A New Era Officially Begins for the Chicago Cubs

Photo Courtesy of EPA

The North Siders are back and better than ever.

After three long seasons of losing, managerial relapses along with frustrating twists and turns, the Chicago Cubs are stealing the show and making Major League Baseball take notice.

Free agent Jon Lester has agreed to sign a six-year $155 million contract to pitch for the Cubs in 2015. The deal comes after two days of speculation and anticipation at the Winter Meetings in San Diego.

Along with re-signing veteran right-hander Jason Hammel earlier this week, Lester gives the Cubs great flexibility in the starting rotation along with emerging young starters Jake Arrieta and Kyle Hendricks. The team also addressed their backstop issues, acquiring Miguel Montero from the Arizona Diamondbacks earlier today.

The Cubs turned their fortunes around early last year when they traded Jeff Samardzija and Jason Hammel to the Athletics for prospects including top-A’s prospect Addison Russell . In a move that I openly panned on this blog, the Cubs shed themselves of a huge question mark in Samardzija after talks of a possible contract extension stalled. The move has proved to pay off greatly for the Cubs. Meanwhile the A’s have now lost Lester, Hammel and Samardzija to the Cubs and White Sox respectively.

(Bob Stanton/USA Today Sports) Jon Lester during his brief stint with the Oakland Athletics.

The Cubs’ climb back into the spotlight started back in 2011 when they hired then-general manager of the Boston Red Sox Theo Epstein to become the team’s President of Baseball Operations. Epstein poached away then-San Diego Padres GM Jed Hoyer to assume the same role in Chicago with the promise that the Cubs would rebuild from the bottom up to create a winning organization.

“We’re going to build the best baseball operation we can,” Epstein told reporters at his introductory press conference three years ago. “We’re going to change the culture. Our players are going to change the culture along with us in the major league clubhouse. We’re going to make building a foundation for sustained success a priority. That will lead to playing October baseball more often than not.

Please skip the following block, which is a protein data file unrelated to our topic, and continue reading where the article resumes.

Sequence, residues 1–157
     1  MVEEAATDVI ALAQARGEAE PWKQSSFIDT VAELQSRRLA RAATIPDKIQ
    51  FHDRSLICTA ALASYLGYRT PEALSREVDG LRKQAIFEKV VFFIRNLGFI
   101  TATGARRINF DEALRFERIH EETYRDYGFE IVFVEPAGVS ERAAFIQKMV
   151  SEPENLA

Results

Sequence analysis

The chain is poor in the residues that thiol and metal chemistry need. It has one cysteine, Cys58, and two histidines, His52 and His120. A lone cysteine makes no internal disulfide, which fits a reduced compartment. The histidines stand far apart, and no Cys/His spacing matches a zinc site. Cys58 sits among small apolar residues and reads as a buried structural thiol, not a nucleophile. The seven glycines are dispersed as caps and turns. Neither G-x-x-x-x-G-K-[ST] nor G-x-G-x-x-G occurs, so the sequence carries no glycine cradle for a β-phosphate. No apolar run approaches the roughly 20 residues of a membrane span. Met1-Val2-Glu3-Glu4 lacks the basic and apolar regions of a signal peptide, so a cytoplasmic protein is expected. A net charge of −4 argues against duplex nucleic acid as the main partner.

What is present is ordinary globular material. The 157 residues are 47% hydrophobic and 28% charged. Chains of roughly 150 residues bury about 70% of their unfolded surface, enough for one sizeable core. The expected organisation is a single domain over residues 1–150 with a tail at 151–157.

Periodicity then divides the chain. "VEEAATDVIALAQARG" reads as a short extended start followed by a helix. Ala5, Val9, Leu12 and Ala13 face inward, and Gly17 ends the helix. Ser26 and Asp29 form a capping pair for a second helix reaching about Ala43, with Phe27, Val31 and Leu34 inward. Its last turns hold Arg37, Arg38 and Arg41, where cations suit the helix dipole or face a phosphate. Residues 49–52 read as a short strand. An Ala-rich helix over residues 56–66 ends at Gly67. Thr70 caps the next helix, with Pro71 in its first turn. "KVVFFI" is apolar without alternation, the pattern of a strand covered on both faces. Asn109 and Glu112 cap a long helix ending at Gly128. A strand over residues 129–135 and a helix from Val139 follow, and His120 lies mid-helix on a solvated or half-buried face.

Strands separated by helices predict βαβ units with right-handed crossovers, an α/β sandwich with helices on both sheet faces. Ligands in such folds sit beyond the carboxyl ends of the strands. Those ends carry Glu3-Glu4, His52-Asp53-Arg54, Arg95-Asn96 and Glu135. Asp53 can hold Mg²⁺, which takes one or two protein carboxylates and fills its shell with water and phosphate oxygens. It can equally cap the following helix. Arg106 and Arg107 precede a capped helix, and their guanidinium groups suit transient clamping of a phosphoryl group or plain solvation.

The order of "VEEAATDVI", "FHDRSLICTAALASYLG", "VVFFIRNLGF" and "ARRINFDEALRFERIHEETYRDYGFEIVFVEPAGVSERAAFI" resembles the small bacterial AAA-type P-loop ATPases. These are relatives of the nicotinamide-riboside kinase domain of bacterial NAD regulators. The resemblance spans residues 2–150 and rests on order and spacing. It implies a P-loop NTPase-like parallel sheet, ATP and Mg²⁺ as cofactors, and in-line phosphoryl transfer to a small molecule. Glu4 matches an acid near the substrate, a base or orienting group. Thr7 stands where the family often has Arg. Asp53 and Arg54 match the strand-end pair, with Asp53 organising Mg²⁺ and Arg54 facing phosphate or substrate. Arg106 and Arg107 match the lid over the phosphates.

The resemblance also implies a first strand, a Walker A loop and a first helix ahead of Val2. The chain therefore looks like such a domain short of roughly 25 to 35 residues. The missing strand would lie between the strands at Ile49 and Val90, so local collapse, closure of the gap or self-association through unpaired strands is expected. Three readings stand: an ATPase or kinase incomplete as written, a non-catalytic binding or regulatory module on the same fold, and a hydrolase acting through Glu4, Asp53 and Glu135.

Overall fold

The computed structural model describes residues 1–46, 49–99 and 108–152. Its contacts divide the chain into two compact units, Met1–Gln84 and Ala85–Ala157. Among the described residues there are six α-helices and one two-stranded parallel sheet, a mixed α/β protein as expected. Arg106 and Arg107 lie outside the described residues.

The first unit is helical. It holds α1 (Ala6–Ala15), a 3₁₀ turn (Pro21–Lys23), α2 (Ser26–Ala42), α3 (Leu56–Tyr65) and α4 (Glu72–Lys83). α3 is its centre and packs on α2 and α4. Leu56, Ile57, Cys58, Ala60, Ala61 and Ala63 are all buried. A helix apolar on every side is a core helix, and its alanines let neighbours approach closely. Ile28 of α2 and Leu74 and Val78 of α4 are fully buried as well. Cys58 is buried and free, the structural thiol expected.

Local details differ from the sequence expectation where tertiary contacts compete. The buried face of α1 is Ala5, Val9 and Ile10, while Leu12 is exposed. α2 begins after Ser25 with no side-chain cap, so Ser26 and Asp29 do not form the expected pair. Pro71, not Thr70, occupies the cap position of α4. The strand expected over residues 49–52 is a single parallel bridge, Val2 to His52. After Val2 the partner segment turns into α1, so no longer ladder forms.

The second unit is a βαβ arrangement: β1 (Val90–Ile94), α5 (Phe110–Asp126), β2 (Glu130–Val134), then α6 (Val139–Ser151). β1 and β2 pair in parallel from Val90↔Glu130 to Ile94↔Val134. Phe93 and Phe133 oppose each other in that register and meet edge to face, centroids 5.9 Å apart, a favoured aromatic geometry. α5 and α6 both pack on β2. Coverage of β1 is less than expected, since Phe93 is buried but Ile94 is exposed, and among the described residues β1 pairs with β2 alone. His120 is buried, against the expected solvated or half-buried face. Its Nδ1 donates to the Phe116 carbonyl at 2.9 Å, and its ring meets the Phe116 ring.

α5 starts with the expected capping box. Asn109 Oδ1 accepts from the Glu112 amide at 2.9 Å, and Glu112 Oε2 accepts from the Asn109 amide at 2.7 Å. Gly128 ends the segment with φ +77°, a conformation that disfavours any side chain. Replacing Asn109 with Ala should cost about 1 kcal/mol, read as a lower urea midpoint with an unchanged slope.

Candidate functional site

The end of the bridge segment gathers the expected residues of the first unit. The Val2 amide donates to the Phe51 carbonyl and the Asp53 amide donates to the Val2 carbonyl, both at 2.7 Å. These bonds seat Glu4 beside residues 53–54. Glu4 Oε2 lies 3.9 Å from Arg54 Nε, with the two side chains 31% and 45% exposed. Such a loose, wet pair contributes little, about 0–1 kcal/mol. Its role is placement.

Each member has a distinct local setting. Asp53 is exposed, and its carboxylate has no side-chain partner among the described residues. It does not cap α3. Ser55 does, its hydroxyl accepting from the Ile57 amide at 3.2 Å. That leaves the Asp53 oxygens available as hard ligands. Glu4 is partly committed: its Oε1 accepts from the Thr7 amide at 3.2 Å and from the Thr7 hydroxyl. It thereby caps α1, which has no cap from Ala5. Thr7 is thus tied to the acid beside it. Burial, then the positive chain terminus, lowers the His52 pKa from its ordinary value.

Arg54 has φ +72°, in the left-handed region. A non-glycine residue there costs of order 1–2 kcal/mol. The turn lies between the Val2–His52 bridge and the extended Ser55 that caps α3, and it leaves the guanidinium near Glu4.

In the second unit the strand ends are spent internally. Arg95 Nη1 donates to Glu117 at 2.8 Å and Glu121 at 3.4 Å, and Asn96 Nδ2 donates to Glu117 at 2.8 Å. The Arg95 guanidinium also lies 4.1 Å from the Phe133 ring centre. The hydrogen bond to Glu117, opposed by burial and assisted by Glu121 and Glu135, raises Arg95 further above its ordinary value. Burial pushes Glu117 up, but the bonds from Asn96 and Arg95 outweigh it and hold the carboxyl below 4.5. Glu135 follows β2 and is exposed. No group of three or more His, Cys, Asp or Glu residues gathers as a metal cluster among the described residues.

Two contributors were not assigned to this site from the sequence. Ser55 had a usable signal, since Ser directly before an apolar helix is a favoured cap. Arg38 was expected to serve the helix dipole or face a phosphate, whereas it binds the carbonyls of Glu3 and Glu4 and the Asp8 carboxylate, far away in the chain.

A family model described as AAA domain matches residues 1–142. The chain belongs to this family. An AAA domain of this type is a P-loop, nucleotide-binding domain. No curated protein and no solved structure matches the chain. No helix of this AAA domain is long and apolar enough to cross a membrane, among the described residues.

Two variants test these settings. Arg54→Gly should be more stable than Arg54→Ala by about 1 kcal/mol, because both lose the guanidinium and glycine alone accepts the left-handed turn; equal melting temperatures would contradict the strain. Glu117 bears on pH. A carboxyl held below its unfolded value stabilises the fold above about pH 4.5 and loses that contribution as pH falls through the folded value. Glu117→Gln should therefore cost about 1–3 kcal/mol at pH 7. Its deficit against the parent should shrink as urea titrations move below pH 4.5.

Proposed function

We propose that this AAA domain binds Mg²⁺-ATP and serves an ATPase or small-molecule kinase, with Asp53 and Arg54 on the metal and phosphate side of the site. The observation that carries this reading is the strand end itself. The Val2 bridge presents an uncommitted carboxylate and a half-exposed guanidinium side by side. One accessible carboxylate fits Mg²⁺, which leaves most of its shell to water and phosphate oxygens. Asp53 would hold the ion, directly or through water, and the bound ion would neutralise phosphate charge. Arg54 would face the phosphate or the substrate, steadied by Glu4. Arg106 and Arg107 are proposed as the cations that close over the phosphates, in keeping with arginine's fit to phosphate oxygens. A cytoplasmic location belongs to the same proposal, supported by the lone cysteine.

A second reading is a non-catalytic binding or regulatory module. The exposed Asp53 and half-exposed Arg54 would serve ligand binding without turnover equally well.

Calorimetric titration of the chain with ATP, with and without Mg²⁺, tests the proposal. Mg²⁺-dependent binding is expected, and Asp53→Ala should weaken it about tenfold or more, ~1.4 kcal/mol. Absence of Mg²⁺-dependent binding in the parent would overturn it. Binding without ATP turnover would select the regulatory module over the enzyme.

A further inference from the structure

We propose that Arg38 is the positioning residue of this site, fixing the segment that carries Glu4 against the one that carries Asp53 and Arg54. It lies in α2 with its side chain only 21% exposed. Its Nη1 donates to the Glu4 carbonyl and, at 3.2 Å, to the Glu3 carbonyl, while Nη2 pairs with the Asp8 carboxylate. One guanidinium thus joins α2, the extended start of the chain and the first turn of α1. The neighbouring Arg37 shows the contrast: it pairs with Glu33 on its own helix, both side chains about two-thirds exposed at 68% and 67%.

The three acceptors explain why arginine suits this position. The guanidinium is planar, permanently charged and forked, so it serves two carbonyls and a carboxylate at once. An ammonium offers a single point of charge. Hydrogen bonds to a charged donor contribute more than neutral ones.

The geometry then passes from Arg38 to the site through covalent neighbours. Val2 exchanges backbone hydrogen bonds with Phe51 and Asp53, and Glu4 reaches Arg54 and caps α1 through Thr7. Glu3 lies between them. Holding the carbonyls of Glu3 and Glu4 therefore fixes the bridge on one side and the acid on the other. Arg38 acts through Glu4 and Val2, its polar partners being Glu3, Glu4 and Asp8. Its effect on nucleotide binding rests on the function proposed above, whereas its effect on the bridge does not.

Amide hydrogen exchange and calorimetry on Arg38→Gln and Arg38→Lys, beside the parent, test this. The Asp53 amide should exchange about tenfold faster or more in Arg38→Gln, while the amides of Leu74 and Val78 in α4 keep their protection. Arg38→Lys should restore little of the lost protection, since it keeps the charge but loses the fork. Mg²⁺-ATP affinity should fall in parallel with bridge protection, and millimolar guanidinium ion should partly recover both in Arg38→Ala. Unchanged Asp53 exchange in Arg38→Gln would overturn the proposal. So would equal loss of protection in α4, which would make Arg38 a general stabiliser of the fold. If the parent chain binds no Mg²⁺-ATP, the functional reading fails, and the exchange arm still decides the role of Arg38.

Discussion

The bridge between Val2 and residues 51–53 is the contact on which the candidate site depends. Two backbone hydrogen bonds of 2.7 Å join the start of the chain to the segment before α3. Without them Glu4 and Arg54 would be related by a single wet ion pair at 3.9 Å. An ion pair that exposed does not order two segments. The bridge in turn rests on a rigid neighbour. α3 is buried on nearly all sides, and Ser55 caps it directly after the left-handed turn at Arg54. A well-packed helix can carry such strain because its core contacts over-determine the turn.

“Once you get in in October there’s a legitimate chance to win the World Series.”

The optimism began to wear thin however, with the Cubs failing to reach a .500 record for three straight seasons under two first-time Major League managers. Young stars like Starlin Castro and Anthony Rizzo (acquired via trade from the Padres in 2012) struggled to find consistency and the defense became more of an issue for the fledgling Cubs.

Miguel Montero provides a much-needed left-handed bat to the Cubs' lineup.
Miguel Montero provides a much-needed left-handed bat to the Cubs’ lineup.

Fortunes finally began to turn around last season, with the re-emergence of Castro and Rizzo, along with the rise of prospects Javier Baez and Jorge Soler to the Major League ranks. Both youngsters’ hit home runs as their first career MLB hits and the team became exciting to watch once more. But perhaps the most exciting moment for the Cubs took place after the conclusion of the World Series.

In a move that shook the baseball world, Theo and Jed got the man they always wanted as their skipper, Joe Maddon. After the introductions and the calls for shots and beers, the buzz set in and never went away.

Now it is December, and already the Cubs are striving towards the end of the light.

It is almost New Year’s, meaning that Cubs fans everywhere are one step closer to the dreaded “next year.” 2015 is only days away, but this year already looks more promising than all of the previous years of the Epstein/Hoyer Era.

The team still has questions in their lineup as well as the need for a contact hitter who can get on base and avoid striking out. Lester, Hammel and Montero are not the final answers to the Cubs’ 107-year championship drought.

But the Cubs are more than a few steps closer than they have been for many years now.

Next year is coming, and there’s going to be one hell of a party in Wrigleyville.


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